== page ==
The Sport Of Kings
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Eduardo Rivadavia [allmusic.com]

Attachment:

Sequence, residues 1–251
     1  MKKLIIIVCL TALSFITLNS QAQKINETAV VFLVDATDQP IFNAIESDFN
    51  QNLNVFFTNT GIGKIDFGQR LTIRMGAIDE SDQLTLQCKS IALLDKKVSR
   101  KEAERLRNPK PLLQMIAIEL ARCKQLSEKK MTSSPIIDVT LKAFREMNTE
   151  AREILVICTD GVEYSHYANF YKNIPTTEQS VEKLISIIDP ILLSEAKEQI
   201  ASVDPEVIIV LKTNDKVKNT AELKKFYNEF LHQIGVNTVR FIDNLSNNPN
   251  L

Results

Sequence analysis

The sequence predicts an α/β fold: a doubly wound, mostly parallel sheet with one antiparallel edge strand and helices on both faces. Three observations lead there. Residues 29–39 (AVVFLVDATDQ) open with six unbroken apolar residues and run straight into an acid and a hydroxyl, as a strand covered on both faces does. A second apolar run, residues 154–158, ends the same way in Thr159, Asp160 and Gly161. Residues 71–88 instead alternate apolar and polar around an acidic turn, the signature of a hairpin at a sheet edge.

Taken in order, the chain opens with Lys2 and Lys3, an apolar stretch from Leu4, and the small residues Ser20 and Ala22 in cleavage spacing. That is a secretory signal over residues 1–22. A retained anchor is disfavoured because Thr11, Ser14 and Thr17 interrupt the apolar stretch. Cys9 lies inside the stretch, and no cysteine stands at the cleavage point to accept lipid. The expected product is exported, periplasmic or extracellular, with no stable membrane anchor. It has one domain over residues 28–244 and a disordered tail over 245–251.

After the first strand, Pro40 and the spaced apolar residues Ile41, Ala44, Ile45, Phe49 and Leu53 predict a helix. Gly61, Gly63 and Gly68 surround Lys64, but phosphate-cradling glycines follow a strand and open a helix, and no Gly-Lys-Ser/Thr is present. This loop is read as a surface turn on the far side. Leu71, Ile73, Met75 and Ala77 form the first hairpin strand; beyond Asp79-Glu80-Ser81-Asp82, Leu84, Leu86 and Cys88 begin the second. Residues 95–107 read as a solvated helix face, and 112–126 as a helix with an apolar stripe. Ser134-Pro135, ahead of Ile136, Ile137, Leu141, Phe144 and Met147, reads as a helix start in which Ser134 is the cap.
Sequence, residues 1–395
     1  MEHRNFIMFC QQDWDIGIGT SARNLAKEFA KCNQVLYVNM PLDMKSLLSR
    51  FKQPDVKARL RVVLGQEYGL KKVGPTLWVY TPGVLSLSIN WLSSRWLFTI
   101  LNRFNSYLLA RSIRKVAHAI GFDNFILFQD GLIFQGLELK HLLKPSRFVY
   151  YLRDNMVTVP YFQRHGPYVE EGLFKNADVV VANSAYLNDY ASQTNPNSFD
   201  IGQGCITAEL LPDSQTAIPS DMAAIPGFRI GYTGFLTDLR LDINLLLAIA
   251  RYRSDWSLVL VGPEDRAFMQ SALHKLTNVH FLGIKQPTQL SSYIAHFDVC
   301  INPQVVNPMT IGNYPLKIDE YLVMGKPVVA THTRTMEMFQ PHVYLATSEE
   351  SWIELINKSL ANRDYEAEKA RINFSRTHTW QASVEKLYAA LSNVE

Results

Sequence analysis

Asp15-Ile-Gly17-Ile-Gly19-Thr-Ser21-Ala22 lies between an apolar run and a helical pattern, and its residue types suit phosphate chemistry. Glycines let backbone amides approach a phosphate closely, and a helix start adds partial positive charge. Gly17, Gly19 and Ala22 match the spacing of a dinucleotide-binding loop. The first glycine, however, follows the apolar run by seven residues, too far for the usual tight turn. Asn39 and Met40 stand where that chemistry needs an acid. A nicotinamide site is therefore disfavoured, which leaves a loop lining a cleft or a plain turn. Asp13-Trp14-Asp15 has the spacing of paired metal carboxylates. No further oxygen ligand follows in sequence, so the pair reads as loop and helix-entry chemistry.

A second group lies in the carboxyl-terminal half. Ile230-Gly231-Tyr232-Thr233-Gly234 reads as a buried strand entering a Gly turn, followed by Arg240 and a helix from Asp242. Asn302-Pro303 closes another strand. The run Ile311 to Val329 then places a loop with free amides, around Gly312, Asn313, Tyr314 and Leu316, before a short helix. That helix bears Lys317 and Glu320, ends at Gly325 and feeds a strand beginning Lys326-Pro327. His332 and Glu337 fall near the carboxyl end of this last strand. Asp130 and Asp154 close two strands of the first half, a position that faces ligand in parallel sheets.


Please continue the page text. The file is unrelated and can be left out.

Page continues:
By the release of their eighth studio album, The Sport of Kings, in 1986, Triumph were struggling to navigate the depressing hard rock cesspool of the mid-'80s, a period when serious musicianship, songwriting adventure, and individuality itself had come under assault by the inexplicable success of superficial hair metal bands. So after bowing down to frosty token synthesizers on the preceding studio album, Thunder Seven, then killing time with 1985's lackluster live double, Stages, The Sport of Kings found the group searching for both a hit and a new identity by ill-advisedly taking the plunge into a rather gutless post-Journey and Foreigner brand of sleek AOR. To be fair, new offerings like ''What Rules My Heart'' and ''Play with Fire'' did manage to reinstate a certain sense of grandeur -- and class! -- reminiscent of Triumph's glory days, but nothing like their old pomp and bombast. Likewise, although commercially oriented fare like opener ''Tears in the Rain,'' the Top 40 single ''Somebody's Out There,'' and the surprisingly cynical ''Don't Love Anybody Else But Me,'' with its acoustic and harmony lead guitars inspired by Boston (and arguably the album's best chorus), had their share of ''moments,'' they simply lacked heart. Indeed, perhaps the band's general songwriting indifference and unenthusiastic performances were a direct reflection of the pressures to sell, sell, sell imposed by their record company and the marketplace, because The Sport of Kings ultimately turned out to be one of the most uninspired and sanitized album of Triumph's career.